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Alfred-Consulting LLC

PATENTS AND STANDARDS FOR TELECOM COMPANIES

Alfred Consulting provides an understanding and a practical program for developing patents and standards. Founded in 2014, we provide telecom companies with a program to develop standards and license patents.

We serve the global telecom community.

Intellectual Property consulting to the telecom industry

  • a. Negotiate licensing & sales deals
    • i. Consider the needs of the participants as the negotiating strategy and tactics are developed..
    • 1. Charles Craver, professor of law at George Washington and author of Effective Legal Negotiation and Settlement, once told a story of two young boys arguing over how to divide and orange. Their father came down and heard the wrangling and decided to cut the orange in two and give it to each boy. What the father did not understand was that one boy wanted the rind and the other wanted the pulp. With a little more discussion and understanding, both boys could have received 100% of what they were seeking. Instead each received 50%.
    • ii. Preparation is important, especially claim charts, a clear idea of your goals and your flexibility in negotiating your terms, but nothing replaces listening to your licensee and understanding their flexibility.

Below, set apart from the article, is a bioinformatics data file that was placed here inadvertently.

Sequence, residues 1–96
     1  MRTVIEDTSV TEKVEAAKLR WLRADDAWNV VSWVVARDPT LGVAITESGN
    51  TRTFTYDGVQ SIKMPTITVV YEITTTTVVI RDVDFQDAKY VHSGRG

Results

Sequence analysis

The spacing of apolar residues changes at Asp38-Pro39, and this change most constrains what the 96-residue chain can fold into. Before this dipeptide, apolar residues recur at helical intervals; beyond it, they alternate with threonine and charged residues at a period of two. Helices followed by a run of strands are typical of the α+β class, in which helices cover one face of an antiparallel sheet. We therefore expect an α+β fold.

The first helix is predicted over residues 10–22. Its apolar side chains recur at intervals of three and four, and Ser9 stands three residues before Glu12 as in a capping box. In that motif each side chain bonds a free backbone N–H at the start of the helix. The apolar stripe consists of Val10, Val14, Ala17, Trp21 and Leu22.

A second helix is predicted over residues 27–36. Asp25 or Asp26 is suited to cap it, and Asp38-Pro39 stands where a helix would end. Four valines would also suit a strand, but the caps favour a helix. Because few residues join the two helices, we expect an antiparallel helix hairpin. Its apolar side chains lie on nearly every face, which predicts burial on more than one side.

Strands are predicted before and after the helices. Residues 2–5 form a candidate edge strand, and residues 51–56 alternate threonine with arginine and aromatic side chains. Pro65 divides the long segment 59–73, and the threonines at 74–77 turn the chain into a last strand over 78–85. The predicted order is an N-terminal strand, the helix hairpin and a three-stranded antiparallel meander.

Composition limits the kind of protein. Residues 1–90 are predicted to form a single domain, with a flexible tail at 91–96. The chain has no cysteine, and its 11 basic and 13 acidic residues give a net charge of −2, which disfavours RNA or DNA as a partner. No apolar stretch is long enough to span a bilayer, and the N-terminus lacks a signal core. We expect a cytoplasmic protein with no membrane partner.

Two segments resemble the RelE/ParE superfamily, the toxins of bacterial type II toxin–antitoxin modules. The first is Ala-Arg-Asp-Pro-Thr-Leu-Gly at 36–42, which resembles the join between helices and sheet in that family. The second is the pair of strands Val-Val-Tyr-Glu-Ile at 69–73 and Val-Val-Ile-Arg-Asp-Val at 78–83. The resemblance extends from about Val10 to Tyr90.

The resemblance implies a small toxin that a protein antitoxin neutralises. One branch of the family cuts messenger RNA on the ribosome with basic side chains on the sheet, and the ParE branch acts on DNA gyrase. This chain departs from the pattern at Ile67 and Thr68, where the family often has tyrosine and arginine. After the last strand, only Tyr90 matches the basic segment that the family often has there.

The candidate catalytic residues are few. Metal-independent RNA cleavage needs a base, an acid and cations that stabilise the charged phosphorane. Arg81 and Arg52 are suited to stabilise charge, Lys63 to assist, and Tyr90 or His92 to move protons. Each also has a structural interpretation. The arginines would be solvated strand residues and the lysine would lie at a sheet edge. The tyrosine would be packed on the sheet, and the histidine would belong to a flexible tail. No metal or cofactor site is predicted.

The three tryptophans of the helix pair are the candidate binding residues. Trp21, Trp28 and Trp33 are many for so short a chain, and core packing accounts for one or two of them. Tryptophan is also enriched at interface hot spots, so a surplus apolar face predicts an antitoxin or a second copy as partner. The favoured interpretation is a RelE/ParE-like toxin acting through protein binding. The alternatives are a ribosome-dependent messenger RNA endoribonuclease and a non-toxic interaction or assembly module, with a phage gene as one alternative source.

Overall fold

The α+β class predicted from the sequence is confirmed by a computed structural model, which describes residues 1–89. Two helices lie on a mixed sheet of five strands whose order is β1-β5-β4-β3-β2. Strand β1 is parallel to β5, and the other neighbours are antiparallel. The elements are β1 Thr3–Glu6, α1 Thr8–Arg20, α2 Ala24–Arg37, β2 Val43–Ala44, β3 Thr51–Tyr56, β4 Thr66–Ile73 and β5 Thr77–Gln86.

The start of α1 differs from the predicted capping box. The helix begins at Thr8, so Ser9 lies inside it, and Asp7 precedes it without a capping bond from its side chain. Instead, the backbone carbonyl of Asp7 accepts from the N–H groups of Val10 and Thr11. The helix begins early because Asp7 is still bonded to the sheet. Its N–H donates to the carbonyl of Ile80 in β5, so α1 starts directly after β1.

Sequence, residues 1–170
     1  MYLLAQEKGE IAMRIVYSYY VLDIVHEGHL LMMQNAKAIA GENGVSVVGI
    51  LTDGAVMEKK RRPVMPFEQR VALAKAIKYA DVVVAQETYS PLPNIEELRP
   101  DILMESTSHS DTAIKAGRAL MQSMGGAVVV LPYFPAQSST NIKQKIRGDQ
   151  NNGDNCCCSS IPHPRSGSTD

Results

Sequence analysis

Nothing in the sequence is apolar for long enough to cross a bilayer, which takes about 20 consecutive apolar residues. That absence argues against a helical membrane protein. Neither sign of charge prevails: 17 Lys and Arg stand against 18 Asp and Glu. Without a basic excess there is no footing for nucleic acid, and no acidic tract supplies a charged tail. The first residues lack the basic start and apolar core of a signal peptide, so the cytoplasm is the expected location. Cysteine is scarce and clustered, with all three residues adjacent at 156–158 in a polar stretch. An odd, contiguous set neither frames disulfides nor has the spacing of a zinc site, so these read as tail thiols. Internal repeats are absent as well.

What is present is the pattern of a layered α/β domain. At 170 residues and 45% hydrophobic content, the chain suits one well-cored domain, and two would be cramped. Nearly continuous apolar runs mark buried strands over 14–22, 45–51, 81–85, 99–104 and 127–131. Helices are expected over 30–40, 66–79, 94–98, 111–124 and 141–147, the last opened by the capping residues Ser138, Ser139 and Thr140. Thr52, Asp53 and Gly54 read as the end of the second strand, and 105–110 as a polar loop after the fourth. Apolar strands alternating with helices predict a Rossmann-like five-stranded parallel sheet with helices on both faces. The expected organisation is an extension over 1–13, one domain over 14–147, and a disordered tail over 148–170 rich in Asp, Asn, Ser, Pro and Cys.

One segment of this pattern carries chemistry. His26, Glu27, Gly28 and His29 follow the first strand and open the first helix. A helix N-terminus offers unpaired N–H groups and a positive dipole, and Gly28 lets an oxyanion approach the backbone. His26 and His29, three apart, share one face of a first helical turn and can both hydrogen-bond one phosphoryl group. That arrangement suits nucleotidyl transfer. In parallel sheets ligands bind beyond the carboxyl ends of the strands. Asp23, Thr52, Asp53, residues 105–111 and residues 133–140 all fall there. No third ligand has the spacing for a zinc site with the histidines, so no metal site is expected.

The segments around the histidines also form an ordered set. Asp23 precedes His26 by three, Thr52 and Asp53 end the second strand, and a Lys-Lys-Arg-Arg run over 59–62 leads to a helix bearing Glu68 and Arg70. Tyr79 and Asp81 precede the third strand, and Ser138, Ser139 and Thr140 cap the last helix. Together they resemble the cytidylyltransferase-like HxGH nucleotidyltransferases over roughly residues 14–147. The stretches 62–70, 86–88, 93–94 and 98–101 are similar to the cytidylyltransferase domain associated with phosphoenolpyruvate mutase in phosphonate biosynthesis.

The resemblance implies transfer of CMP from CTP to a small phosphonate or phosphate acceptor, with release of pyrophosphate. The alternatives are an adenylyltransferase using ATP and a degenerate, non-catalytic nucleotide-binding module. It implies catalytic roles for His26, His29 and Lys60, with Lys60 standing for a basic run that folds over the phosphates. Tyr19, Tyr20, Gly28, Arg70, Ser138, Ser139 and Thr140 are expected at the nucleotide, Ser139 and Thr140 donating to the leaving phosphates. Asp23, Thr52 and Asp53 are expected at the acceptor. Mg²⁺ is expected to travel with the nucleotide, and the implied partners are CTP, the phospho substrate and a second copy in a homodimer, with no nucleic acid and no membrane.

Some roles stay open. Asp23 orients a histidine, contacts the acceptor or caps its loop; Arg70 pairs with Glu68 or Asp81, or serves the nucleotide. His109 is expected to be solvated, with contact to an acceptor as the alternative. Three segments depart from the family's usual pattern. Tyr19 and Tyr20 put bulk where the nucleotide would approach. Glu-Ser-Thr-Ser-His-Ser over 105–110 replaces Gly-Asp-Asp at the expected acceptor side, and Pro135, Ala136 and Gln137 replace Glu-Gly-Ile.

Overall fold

• iii. A patent negotiation usually proceeds with the licensee denying that they use your patent and even if they do use it, their use is minimal. Only on the third or fourth meeting, when your licensee says, “Prove it”, does the real work of negotiating begin.
    • iv. Quite often the license negotiation occurs before any money has been place in a budget by a product manager to pay the royalty. Understanding how to structure payments is often the key to success.
  • b. Develop a patent and standard policy and practice to promote strategic interests
    • i. The intellectual property press is rife with stories about the revenue that may be generated by the aggressive use of patents. Targets include USD 100 million, USD 500 million or even USD 1 billion every year. From this point of view, the purpose of patents appears to be generating revenue. We are reminded by our financial press that the purpose of business is to generate revenue for shareholders. Lost in this mix is that business might be there to produce goods and services for other businesses and for people who are living their lives. Failure to understand that there is a market out there with competitors waiting to take your customers has been the doom of several enterprises. Yes, of course business produces revenue, at least we hope so, and patents as well, but there is something more important to consider. For a large business, the revenue from products and services is so much greater than the royalty from patents. (see Note 1) To succeed, we need to consider how can we build a better intellectual property department aligned with the strategy of the business that will sustain the business for the long haul.